Tuesday, December 15, 2015

The Girl With The Bette Davis Eyes-Bette Davis’ Now, Voyager-A Film Review

The Girl With The Bette Davis Eyes-Bette Davis’ Now, Voyager-A Film Review


DVD Review

From The Pen Of Zack James

Now, Voyager, Bette Davis, Claude Rains, Paul Henried, 1942     

Walt Whitman had it right , had the democratic vista thing right as it applied to average men and women and their need to take risks, to become voyagers, to go after what they want out of life, as a lot of us did under the influence of Jack Kerouac’s On The Road and our own hubris if it came right down to it. But not everybody had it so easy to find whatever anxious stifled passion make them run and hide in third floor attics. That premise plus the inevitable Hollywood love story plot-line drives the film under review, Bette Davis’ Now, Voyager, about a woman torn between well torn up about lots of things but mainly damn well in need of an escape from what had befallen her as a women struggling against the old-maidhood her mother has plotted out for her.

Dear Charlotte (Davis’ role) had been under the thumb of an old Boston Brahmin matriarch mother who has smothered, or tried to smother, whatever slight sense of independent she might have created for herself in staid Boston, or elsewhere. Obviously in that situation she was headed for an early nervous breakdown, no question since dear mother was relentless in her holding the leash on her daughter very tightly. Had changed a carefree beautiful (Bette Davis beautiful which is something different from say Lauren Bacall beautiful or Lana Turner beautiful for that matter) to an old maid “ugly duckling,” and a house-bound prisoner to boot.

Enter good guy psychiatrist Doctor Jaquith (played by Claude Rains last since walking as the Vichy gendarme arm and arm with Humphrey Bogart toward some fog-bound future on the way to becoming good friends in Casablanca) who has the cure- a simple curse really-get Charlotte the hell out of the Back Bay and into a rest cure at his place. Successes abound but more importantly Charlotte is ready to face the world a bit by going on a cruise by herself. Goes too from an “ugly duckling” to a fetching catch for some man as it turned out by the make-up magic of Hollywood. Meets a man, a real man in the parlance of the times (you can tell that by the number of cigarettes he smokes, come to think of it her too), Jerry (played by Paul Henreid last seen takin off in a plane to lead the resistance to Hitler with Ilsa leaving Claude and Humphrey to work out how they are going to get back in the struggle in Casablanca), who falls in love with her (and she him). But alas he is a married man, with two daughters, one an impressible tween who will figure later in the story.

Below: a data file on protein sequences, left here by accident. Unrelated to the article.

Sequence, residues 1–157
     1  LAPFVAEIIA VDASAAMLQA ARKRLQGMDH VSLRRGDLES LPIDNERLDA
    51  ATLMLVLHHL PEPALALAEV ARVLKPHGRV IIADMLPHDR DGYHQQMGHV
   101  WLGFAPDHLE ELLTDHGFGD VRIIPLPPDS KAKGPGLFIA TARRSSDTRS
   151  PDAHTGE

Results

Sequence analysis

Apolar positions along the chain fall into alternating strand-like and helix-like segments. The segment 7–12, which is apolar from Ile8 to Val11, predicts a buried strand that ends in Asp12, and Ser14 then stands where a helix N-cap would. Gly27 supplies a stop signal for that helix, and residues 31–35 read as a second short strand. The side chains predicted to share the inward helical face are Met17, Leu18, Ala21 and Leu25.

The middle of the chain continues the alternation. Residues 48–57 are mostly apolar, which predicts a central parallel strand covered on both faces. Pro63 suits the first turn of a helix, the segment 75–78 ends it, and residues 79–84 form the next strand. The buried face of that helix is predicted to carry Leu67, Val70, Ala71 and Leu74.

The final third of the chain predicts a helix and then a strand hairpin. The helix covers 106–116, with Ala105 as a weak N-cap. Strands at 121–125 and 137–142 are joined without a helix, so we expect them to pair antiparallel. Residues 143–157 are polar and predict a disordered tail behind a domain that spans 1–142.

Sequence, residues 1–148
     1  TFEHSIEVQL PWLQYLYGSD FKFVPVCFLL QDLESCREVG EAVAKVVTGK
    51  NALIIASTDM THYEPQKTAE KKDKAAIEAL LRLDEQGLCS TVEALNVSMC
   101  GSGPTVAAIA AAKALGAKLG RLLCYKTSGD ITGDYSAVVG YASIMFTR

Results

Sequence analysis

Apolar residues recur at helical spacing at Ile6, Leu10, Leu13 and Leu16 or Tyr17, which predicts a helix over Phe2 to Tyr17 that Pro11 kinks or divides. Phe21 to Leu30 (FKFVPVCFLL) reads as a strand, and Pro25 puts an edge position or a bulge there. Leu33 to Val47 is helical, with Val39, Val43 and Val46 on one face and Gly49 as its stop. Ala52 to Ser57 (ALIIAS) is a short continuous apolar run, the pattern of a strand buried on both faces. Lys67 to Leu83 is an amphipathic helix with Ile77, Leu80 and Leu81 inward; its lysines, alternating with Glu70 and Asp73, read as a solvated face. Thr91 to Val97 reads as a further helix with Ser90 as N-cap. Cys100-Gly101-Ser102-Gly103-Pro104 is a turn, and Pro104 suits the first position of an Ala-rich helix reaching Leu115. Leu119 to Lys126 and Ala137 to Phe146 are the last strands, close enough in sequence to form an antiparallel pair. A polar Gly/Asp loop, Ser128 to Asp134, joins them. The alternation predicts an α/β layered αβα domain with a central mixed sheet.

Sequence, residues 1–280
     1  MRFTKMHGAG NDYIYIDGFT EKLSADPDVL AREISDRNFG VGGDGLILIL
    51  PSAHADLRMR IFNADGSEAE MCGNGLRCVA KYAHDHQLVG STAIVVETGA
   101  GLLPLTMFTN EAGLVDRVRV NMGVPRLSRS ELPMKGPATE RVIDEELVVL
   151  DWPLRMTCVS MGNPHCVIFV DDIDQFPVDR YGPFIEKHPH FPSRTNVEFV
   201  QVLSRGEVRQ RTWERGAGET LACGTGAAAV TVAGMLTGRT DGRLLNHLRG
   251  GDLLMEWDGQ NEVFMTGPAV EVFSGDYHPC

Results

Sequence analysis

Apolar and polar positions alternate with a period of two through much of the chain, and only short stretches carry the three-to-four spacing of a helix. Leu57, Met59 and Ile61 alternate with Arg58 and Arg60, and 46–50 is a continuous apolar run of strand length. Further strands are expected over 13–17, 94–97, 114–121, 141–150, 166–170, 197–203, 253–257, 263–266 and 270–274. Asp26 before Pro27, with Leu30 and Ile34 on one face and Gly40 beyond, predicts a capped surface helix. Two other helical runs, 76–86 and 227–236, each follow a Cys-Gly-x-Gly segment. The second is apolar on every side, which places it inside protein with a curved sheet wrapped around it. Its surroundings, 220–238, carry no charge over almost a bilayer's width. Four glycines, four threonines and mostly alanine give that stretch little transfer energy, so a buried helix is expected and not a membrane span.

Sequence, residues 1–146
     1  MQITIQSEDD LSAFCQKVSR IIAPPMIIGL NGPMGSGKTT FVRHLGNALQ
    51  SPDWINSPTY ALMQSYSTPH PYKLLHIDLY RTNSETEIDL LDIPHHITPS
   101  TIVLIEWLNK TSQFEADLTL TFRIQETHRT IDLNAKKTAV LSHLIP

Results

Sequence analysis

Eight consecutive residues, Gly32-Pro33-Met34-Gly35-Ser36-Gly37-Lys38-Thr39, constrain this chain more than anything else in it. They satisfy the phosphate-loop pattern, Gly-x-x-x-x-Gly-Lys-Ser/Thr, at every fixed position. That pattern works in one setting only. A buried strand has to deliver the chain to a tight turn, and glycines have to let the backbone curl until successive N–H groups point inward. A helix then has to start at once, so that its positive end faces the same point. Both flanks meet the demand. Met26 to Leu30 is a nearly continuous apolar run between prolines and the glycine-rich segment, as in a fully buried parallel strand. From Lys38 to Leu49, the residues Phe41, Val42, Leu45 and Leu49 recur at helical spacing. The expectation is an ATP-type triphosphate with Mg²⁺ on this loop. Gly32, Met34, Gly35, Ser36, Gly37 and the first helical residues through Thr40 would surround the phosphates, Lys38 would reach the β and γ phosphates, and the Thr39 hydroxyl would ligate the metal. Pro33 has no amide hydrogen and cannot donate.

To make a long story short their love is ill-fated despite the occasional times they run into each other at various spots later, including at Dr. Jaquith’s since that troubled daughter winds up under his care. So despite a match not made in heaven this pair of star-crossed lovers will share the liberation of that daughter from Jerry’s wife’s evil clutches, that will be their love’s task. And that is not such a bad thing in this wicked old world. Now the Hallmark cable channel has made a whole slew of such melodramas, of what in the old days, the 1940s days when a lot of women were waiting around for the other shoe to drop worrying about their guys in the muds of Europe or the salty atolls of the Pacific, were called “women’s films,” “weepies” but it would take a million such modern takes on the forlorn love plotline to beat this one for the wet handkerchief award.      

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